Consistent with Plaintiffs testimony, there is no treating record reflecting any provider prescribing or recommending the use of a cane; nor is there any medical documentation establishing that any provider opined that the cane was medically necessary or required. Inconsistent with Plaintiffs claim that a "doctor" encouraged him to continue to use the cane, no such reference appears in any of the treating notes. Typical of the record references to the cane are 2013 notes of the treating team at Newport Hospital, which state, "Pt reports he walks with a cane just for added support." Tr. 416. During his stay at the Newport Hospital, Plaintiff requested and was allowed to use a walker, although nursing observations record that he was seen "ambulating with or without walker." Tr. 420. At discharge, the Hospital notes state, "Pt. left unit ambulatory, accompanied by his wife;" there is no mention of the need for a cane or a walker. Tr. 421. During another hospitalization in 2014, Plaintiff used a walker and asked for a wheelchair, which he was allowed to have while an in-patient; however, his discharge instructions state, "ambulation allowed." Tr. 660-61, 739. There is no mention of the use of a walker, wheelchair or cane. Similarly, when Plaintiff saw a neurologist in 2013, she observed, "ambulates w/ cane" and recorded his complaint of "left leg weakness;" nevertheless, on examination, she found that he had "no difficulty with gait or walking." All of her findings related to gait, posture, station and strength were normal. Tr. 374-76, 381; see Tr. 379 ("ambulates independently. Gait. . . normal"). And when he was examined at the Brain and Spine Institute, the treating provider noted, "patient walks with slightly antalgic gait with the assistance of a cane, " yet all of her findings on examination with respect to strength, range of motion and coordination were normal. Tr. 833. She made no recommendation that use of the cane should be continued.

         Plaintiffs use of the cane was specifically noted by the state agency reviewing physicians at the initial and reconsideration phases of the administrative proceeding. See Tr. 96 (in summarizing of record, Dr. Ricardo Ramirez notes that Plaintiff observed "walking with cane"); Tr. 110 (in summarizing record, Dr. Thomas Bennett cited neurologist's observation that Plaintiff "ambulates with a cane").[3] Both Dr. Ramirez and Dr. Bennett provided function-by- function opinions - yet neither opined that Plaintiff required an additional accommodation for the use of a cane, walker or other assistive-walking device. Tr. 93-95. And Dr. Scott Keigwin, Plaintiffs primary care physician, provided an opinion that does not mention that Plaintiff is limited in that he requires a cane for ambulation.[4] Tr. 827-28.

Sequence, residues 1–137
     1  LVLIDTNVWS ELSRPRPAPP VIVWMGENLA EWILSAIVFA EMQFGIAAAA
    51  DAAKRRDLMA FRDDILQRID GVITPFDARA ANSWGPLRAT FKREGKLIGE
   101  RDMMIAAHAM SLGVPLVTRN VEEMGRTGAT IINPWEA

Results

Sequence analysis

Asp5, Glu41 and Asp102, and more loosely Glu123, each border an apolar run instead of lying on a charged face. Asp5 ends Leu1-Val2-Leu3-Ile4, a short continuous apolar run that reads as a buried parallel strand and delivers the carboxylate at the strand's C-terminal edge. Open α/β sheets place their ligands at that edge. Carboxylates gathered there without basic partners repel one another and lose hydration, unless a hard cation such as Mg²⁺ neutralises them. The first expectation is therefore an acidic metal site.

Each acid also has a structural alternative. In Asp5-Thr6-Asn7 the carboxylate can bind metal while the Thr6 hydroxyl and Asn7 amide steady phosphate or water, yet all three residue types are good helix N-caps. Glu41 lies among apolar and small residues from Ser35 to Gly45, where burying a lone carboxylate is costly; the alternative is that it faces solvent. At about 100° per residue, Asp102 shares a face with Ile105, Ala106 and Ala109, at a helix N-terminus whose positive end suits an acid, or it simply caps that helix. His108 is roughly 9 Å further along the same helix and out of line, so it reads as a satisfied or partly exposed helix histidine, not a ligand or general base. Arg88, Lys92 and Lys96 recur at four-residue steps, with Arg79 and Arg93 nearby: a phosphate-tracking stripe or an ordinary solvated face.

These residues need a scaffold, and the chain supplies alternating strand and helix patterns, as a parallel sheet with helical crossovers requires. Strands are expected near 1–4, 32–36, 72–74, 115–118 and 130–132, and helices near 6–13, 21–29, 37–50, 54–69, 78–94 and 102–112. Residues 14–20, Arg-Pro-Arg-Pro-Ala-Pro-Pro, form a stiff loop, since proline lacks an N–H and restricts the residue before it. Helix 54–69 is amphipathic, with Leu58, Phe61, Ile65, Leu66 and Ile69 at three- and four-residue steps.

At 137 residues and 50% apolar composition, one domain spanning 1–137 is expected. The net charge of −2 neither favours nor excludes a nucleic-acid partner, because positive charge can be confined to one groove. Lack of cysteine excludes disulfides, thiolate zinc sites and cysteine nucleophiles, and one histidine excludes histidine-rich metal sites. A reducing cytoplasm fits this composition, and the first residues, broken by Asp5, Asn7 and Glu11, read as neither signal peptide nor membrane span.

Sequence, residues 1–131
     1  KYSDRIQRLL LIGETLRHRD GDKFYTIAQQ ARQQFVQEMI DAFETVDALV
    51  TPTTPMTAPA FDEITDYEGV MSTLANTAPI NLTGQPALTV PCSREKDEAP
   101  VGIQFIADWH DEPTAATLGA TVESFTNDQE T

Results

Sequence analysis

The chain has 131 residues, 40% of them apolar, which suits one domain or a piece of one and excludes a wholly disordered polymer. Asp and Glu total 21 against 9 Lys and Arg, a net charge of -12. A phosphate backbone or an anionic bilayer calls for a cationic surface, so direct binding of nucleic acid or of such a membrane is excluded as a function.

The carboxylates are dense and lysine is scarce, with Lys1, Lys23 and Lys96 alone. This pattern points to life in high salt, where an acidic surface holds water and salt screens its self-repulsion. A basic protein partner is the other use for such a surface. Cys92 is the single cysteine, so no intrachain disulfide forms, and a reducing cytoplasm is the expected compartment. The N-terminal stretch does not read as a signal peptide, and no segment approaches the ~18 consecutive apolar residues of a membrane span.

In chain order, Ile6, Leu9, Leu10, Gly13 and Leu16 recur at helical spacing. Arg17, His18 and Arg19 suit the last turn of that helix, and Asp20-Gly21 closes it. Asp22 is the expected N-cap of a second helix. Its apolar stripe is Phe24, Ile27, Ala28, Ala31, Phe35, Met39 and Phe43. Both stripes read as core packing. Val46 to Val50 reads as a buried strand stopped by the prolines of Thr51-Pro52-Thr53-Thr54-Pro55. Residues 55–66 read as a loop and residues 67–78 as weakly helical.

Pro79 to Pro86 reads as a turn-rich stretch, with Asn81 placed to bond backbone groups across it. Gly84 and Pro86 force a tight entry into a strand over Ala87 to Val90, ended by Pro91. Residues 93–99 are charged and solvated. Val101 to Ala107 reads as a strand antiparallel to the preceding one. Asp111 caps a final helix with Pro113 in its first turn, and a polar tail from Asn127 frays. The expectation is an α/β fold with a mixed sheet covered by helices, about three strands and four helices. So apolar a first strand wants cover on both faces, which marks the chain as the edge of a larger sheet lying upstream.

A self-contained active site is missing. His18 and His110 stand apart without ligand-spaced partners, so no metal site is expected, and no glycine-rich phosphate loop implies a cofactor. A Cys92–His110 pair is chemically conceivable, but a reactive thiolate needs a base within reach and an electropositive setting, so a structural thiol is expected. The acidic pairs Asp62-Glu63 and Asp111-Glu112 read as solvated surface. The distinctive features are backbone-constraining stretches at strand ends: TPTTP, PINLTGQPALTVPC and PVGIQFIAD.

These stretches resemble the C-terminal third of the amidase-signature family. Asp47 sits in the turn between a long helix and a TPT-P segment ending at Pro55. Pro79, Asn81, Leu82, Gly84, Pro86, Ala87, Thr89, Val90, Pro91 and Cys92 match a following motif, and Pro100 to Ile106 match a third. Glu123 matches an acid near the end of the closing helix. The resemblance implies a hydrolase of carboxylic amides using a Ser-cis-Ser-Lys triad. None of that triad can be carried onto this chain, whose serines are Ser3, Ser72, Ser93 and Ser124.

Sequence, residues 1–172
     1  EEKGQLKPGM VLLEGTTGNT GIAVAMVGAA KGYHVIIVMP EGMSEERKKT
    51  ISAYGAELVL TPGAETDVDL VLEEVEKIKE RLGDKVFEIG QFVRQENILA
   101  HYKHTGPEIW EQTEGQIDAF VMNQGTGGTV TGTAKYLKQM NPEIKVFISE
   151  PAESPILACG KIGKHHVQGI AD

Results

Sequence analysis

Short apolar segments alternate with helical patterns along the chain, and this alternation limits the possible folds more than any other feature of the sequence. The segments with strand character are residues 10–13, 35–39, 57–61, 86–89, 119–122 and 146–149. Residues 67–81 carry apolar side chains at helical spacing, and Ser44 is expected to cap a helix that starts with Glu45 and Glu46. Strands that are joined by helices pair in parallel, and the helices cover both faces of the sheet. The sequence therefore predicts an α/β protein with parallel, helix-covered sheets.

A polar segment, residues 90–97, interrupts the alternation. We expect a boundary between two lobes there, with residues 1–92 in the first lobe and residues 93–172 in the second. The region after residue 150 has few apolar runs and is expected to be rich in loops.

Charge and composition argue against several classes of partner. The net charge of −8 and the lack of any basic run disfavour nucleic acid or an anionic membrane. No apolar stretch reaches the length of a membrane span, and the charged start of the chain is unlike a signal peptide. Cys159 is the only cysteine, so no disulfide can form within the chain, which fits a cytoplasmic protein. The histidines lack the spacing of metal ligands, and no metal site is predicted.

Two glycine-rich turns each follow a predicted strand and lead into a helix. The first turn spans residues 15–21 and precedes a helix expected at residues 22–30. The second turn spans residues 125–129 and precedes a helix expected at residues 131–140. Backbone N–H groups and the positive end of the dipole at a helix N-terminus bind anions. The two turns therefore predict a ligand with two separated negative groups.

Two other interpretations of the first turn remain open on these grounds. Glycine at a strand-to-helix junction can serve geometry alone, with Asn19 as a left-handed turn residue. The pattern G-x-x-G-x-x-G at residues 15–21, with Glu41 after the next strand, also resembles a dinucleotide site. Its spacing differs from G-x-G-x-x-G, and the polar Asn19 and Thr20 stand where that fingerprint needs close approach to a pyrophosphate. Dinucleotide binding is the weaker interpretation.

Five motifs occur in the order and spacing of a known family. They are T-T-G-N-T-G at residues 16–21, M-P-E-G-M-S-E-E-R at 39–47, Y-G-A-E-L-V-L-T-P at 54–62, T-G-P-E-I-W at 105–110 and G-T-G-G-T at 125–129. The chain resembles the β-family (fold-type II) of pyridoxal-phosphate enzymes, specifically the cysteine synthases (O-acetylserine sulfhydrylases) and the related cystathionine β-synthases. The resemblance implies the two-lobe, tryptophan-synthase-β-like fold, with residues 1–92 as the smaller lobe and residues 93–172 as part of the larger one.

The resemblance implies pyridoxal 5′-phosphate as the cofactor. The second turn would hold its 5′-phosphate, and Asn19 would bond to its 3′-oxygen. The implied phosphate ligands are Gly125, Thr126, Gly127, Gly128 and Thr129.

The ALJ's decision reflects that he considered all of the foregoing evidence: it specifically discusses the treating sources whose notes reflect that Plaintiff was observed using a cane. Tr. 22 (noting Brain and Spine Institute observation that "claimant walked with a slightly antalgic gait with the assistance of a cane, " yet all objective testing of strength, coordination, range of motion, and stability normal); Tr. 23 (noting mental health nurse observed claimant "walked with a cane"); Id. (noting Mental Health Center observation that "he was using a cane"); Tr. 24 (noting Plaintiffs testimony that use of cane for three years was something Plaintiff "did it [him]self because it was "helpful, " and that one doctor said it was a good idea). The decision also makes clear that the RFC and hypothetical are based not on the ALJ's serendipitous lay judgment to leave the cane out, but rather on Dr. Bennett's expert opinion, which mentions the cane, but does not opine that it was necessary. The ALJ found Dr. Bennett's opinion persuasive and entitled to substantial evidentiary weight; he relied on it in formulating the VE hypothetical and the RFC finding. Tr. 27. Based on his conclusion that Plaintiff could perform jobs at both the light and sedentary exertional levels, the ALJ found that Plaintiff was not disabled at any relevant period. Tr. 29.

         II. Standard of Review

         The Commissioner's findings of fact are conclusive if supported by substantial evidence. 42 U.S.C. § 405(g). Substantial evidence is more than a scintilla - that is, the evidence must do more than merely create a suspicion of the existence of a fact, and must include such relevant evidence as a reasonable person would accept as adequate to support the conclusion. Ortiz v. Sec'y of Health & Human Servs., 955 F.2d 765, 769 (1st Cir. 1991) (per curiam); Rodriguez v. Sec'y of Health & Human Servs., 647 F.2d 218, 222 (1st Cir. 1981); Brown v. Apfel, 71 F.Supp.2d 28, 30 (D.R.I. 1999). Once the Court concludes that the decision is supported by substantial evidence, the Commissioner must be affirmed, even if the Court would have reached a contrary result as finder of fact. Rodriguez Pagan v. Sec'y of Health & Human Servs., 819 F.2d 1, 3 (1st Cir. 1987); see also Barnes v. Sullivan, 932 F.2d 1356, 1358 (11th Cir. 1991); Lizotte v. Sec'y of Health & Human Servs., 654 F.2d 127, 128 (1st Cir. 1981).

         The determination of substantiality is based upon an evaluation of the record as a whole. Brown, 71 F.Supp.2d at 30; see also Frustaglia v. Sec'y of Health & Human Servs., 829 F.2d 192, 195 (1st Cir. 1987); Parker v. Bowen, 793 F.2d 1177, 1180 (11th Cir. 1986) (court also must consider evidence detracting from evidence on which Commissioner relied). Thus, the Court's role in reviewing the Commissioner's decision is limited. Brown, 71 F.Supp.2d at 30. The Court does not reinterpret the evidence or otherwise substitute its own judgment for that of the Commissioner. Id. at 30-31 (citing Colon v. Sec'y of Health & Human Servs., 877 F.2d 148, 153 (1st Cir. 1989)). "[T]he resolution of conflicts in the evidence is for the Commissioner, not the courts." Id. at 31 (citing Richardson v. Perales, 402 U.S. 389, 399 (1971)). A claimant's complaints alone cannot provide a basis for entitlement when they are not supported by medical evidence. See Avery v. Sec'y of Health & Human Servs., 797 F.2d 19, 20-21 (1st Cir. 1986); 20 C.F.R. § 416.929(a).

         III. Disabilit ...